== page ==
The Belgian colonists considered the Tutsis superior to the Hutus. For the next 20 years they enjoyed better jobs and educational opportunities. But the wheel soon turned. Independence in 1962 brought power to the majority that is to the Hutus and the discrimination against the often better educated Tutsis began.

France, since the early 1970s sided with the Hutu government in power, maintaining close economic and political ties with Kigali. Thousands of Tutsis fled to neighbouring Uganda or Congo as a result of Hutu discrimination and Mr. Kagame was one of them.

He met Ugandan leader Yoweri Museveni when both of them were rebels fighting dictatorial regimes in Kampala and Kigali. Later, Mr. Museveni as Ugandan President would help his old friend fight the Hutus and wage a civil war in Rwanda.

Tutsi refugees in Uganda — supported by some moderate Hutus — formed the Rwandan Patriotic Front (RPF). Their aim was to overthrow President Habyarimana and secure their right to return to their homeland.

He chose to exploit this threat as a way to bring dissident Hutus back to his side, and Tutsis inside Rwanda were accused of being RPF collaborators.

Most of the allegations made by the present Rwandan President refer to the training the French gave militias who engaged in the killing.

From October 1990 to December 1993, the French army, operating under a Franco Rwandan defence pact led “Operation Noroit,” which many Rwandans saw as backing the Habyarimana Government against the Tutsi-led RPF rebels.

Kigali also accuses France of standing aside and giving the killers access to their victims. The most shocking claim, however, is that French helicopters specifically airlifted several influential Hutus responsible for the massacres to safety outside the country.

France intervened in Rwanda three times between 1990 and 1994, and each time was accused of complicity in events of the Genocide or those leading up to it.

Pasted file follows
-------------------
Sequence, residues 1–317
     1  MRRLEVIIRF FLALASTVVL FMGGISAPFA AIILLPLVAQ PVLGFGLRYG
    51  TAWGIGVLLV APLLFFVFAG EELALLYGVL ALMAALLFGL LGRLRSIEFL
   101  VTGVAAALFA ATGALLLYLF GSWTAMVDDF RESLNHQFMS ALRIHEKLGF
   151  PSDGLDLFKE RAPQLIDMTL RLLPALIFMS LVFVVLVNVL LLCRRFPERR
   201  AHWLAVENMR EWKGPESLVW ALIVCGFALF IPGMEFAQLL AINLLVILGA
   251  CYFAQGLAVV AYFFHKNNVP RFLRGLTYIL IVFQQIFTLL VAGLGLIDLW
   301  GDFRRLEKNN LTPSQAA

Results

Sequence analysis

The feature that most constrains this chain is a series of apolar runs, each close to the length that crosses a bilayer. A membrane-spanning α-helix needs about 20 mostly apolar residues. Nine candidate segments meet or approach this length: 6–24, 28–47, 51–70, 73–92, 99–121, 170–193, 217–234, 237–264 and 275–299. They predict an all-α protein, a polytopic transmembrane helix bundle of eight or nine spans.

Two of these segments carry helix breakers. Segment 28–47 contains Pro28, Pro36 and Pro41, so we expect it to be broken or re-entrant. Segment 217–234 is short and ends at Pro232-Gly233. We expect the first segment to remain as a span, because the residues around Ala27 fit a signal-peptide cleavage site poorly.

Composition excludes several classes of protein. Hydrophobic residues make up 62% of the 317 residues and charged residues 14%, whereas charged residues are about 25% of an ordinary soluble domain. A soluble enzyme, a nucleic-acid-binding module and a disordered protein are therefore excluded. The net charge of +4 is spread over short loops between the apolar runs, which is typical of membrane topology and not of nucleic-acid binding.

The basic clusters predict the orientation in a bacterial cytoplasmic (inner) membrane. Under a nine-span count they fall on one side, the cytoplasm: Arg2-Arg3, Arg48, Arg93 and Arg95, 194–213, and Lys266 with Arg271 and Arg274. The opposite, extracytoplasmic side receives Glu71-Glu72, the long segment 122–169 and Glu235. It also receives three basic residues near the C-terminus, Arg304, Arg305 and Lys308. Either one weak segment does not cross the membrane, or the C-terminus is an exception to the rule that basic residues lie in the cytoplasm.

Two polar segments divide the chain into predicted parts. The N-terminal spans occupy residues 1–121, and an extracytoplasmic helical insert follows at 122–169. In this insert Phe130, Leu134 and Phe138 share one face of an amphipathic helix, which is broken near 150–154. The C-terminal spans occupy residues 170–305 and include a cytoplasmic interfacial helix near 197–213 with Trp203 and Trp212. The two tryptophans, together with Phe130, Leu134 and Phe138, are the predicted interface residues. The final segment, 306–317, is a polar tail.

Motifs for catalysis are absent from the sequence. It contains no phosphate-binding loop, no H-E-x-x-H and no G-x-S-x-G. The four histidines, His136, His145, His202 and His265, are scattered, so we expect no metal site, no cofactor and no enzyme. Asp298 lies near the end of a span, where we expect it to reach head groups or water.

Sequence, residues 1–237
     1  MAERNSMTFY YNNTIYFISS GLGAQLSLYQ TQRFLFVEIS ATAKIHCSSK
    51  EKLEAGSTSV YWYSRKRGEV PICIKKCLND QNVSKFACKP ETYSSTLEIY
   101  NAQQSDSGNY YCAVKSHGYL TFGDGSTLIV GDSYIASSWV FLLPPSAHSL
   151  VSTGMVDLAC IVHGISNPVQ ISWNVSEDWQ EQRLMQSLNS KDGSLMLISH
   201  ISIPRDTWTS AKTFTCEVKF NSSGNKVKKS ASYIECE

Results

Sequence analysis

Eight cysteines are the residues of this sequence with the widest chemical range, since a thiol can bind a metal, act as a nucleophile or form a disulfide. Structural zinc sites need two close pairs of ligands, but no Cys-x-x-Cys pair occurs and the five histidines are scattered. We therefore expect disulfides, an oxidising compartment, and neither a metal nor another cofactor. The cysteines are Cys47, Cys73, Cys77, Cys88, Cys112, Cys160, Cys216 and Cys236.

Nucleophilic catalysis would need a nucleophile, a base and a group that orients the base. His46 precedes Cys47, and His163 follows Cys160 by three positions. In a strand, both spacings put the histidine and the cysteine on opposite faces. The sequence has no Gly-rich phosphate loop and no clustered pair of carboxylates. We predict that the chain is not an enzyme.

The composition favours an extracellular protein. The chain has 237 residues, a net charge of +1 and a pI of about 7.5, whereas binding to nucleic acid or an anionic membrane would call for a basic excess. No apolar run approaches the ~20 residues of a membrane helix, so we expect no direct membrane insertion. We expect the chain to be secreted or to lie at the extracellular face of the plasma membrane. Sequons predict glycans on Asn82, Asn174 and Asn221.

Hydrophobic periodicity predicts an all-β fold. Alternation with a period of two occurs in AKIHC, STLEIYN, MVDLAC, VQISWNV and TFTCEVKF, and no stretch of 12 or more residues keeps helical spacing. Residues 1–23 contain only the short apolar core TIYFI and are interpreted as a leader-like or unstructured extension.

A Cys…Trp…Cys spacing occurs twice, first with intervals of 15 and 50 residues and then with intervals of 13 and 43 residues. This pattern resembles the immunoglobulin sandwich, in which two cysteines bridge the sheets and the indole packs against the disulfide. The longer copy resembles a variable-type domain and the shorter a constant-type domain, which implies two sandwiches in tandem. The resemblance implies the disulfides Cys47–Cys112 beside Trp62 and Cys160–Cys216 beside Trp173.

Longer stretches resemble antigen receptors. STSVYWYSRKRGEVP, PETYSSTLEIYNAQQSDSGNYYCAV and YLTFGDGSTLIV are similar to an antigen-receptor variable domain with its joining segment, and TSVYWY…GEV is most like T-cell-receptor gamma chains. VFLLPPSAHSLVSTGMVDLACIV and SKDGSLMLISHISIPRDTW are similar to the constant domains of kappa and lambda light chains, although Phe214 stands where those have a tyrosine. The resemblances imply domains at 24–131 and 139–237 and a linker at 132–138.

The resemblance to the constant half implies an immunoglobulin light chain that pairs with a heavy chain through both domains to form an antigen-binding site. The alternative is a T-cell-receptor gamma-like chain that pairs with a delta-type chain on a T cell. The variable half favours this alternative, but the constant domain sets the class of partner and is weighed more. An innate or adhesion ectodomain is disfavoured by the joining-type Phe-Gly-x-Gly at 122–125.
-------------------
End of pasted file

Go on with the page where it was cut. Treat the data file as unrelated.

Journalists who witnessed

Collette Braekmann, a highly respected journalist writing for Le Soir in Brussels, said: “I was in Rwanda in 1994 during the massacres. I agree with Kagame’s accusations.

But I shall not condemn France as such; I would condemn certain elements from the French army. I personally witnessed these events and I can say that Rwandan military officials and killers from the Interahamwe were protected by French army units, probably with the blessing of then President Mitterrand.

As for the missile attack on the presidential plane, I can only say that there has been no neutral, impartial international enquiry. Since day one Judge Bruguiere has said he was attempting to prove the guilt of the RPF.

Now I too have led my own modest enquiry and I find that several of the witnesses cited by the French judge are most unreliable. They are lying.”

One can always ask the question: Why did France continue to support such a detestable regime?

The answer would be: for the same reasons that the U.S. continued to support bloody dictatorships across Latin America in the 1960s and the 1970s — for power and regional influence.

Rwanda and Burundi lie on the borders of the East-West divide of Africa between Anglo-Saxon and Francophone colonial powers.

France feared losing influence in Rwanda because Mr. Kagame and his men had trained, re-grouped, and received support from Uganda, seen as being clearly in the Anglo-Saxon camp.